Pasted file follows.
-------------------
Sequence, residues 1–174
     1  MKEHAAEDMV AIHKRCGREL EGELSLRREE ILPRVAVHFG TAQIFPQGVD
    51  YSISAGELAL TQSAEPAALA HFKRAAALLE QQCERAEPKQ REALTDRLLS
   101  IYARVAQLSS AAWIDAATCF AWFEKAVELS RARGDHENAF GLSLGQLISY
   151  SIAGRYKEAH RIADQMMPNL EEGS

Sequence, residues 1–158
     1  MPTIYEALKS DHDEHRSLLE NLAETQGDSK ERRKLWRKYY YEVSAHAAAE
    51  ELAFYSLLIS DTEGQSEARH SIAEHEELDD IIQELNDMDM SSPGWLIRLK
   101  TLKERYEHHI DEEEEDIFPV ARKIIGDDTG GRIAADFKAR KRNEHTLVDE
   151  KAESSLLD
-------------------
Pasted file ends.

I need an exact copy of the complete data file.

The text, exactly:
Sequence, residues 1–174
     1  MKEHAAEDMV AIHKRCGREL EGELSLRREE ILPRVAVHFG TAQIFPQGVD
    51  YSISAGELAL TQSAEPAALA HFKRAAALLE QQCERAEPKQ REALTDRLLS
   101  IYARVAQLSS AAWIDAATCF AWFEKAVELS RARGDHENAF GLSLGQLISY
   151  SIAGRYKEAH RIADQMMPNL EEGS

Sequence, residues 1–158
     1  MPTIYEALKS DHDEHRSLLE NLAETQGDSK ERRKLWRKYY YEVSAHAAAE
    51  ELAFYSLLIS DTEGQSEARH SIAEHEELDD IIQELNDMDM SSPGWLIRLK
   101  TLKERYEHHI DEEEEDIFPV ARKIIGDDTG GRIAADFKAR KRNEHTLVDE
   151  KAESSLLD